So the saints under the leadership of the pastor are to be edified, that is taught and built up into maturity, so that they can do the work of service.  And the work of service is two fold, one reaching out and the other reaching in.  As Jesus told Peter, strengthening one another.  You know I try to work out.  I don’t do it as much or as efficiently as I should as I’m sure you can tell.  One of my problems is that I try to work on a specific muscle like my shoulders.  But I don’t see much results.  And what I’ve found out by studying is that I also need to build up the surrounding muscles that support that particular muscle if I’m going to really make any significant gains.  I need to develop my core because it supports my back which supports my shoulders.  They all are interdependent.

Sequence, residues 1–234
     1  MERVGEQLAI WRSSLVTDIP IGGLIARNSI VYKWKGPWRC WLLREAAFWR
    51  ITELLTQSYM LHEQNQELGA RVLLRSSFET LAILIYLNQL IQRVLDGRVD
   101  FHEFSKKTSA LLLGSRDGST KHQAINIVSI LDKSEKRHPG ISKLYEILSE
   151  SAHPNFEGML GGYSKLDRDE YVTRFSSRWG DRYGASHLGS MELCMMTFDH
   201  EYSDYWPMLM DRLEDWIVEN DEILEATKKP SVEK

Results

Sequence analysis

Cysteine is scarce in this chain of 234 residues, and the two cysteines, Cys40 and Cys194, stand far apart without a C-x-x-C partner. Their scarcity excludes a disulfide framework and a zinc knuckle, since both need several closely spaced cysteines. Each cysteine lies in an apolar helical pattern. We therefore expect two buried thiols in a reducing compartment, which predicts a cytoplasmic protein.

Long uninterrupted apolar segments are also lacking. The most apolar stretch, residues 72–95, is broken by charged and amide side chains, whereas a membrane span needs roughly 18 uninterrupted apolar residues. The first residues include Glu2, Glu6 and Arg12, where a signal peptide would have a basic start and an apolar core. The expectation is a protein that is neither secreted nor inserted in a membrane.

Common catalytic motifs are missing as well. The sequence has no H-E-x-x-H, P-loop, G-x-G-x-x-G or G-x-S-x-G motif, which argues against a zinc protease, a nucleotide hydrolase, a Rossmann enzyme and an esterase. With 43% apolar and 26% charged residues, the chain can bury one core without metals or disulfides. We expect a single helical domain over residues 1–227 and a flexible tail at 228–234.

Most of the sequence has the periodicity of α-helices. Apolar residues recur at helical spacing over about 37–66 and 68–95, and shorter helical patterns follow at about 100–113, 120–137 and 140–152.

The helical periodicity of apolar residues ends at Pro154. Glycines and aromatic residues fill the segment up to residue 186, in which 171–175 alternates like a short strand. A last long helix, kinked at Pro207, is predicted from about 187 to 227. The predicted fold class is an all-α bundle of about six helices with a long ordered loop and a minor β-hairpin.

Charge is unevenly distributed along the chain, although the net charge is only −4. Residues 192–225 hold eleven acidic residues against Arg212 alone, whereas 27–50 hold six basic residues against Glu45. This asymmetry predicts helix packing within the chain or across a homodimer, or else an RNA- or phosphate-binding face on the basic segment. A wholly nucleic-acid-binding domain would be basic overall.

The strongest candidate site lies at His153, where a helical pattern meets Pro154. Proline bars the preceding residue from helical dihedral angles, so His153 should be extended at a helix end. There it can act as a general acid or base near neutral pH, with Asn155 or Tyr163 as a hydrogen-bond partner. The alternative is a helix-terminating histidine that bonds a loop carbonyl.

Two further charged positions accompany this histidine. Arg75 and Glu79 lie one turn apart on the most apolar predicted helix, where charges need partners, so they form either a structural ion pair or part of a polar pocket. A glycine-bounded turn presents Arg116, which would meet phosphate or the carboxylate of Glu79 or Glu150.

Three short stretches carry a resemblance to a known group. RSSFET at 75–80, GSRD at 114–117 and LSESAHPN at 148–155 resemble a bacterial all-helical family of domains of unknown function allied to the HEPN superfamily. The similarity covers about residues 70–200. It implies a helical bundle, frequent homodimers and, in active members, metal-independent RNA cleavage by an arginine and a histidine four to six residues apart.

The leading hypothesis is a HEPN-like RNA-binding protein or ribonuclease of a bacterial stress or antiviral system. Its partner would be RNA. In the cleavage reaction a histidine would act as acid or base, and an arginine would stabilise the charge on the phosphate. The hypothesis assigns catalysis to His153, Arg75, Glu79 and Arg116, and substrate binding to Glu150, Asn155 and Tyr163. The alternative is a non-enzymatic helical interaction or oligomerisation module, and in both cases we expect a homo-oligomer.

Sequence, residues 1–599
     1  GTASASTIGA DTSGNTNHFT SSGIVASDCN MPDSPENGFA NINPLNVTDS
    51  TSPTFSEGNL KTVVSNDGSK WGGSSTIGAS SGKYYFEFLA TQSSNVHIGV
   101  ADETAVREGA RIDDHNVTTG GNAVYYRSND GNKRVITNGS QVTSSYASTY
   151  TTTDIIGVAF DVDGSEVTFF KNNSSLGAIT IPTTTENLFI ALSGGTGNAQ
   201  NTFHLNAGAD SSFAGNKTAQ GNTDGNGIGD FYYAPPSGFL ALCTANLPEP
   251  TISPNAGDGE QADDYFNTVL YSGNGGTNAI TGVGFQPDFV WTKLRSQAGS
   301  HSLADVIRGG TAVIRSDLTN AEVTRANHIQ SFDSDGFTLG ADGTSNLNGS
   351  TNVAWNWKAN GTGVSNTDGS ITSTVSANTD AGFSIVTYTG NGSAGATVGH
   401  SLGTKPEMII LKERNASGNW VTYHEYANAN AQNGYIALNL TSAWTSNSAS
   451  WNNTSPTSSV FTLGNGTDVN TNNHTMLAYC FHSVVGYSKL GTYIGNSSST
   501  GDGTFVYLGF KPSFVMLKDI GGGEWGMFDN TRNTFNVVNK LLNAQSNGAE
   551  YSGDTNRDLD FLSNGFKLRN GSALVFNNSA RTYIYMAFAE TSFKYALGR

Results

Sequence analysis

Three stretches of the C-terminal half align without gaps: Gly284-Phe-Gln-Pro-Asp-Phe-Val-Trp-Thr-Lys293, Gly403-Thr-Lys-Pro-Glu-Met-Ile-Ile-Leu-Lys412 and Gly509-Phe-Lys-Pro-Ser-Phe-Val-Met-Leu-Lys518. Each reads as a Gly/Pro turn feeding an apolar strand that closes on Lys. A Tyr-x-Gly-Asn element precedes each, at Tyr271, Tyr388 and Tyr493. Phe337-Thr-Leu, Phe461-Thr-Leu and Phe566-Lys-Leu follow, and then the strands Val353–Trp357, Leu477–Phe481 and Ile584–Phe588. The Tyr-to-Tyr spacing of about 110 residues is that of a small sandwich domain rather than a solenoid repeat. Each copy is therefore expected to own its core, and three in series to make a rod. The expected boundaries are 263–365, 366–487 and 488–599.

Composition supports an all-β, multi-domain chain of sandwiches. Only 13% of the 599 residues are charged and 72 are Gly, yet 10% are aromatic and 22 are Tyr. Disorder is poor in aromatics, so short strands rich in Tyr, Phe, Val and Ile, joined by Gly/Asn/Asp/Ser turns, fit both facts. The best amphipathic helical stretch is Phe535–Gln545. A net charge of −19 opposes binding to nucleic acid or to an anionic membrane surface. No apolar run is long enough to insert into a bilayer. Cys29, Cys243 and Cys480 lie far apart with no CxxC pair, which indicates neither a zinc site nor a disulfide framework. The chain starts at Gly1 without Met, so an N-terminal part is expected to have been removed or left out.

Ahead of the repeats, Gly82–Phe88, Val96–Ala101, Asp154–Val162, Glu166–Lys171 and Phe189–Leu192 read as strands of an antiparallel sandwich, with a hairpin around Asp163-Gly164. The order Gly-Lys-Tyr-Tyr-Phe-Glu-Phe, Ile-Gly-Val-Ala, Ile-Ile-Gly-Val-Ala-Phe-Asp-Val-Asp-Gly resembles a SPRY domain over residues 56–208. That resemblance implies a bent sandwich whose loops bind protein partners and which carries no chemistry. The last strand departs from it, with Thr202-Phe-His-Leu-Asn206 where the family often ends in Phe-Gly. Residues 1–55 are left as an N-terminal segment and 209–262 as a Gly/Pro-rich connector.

And that is sort of the way the body of Christ works.  We need each other.  We need to support one another.  That can happen in a lot of ways.  But in it’s most simplest terms, it happens as we come together as a body on a weekly or biweekly basis.  We need to get beyond the elementary stages of attending church when it’s good for me.  And realize that we attend because it is good for others.  We are the church.  Christ has commissioned you to be the church.  He is depending on you.  Others in the church depend on you.  So let’s act as if we are an important vital part of this church and God is counting on us, others are counting on us, and we have a job to do.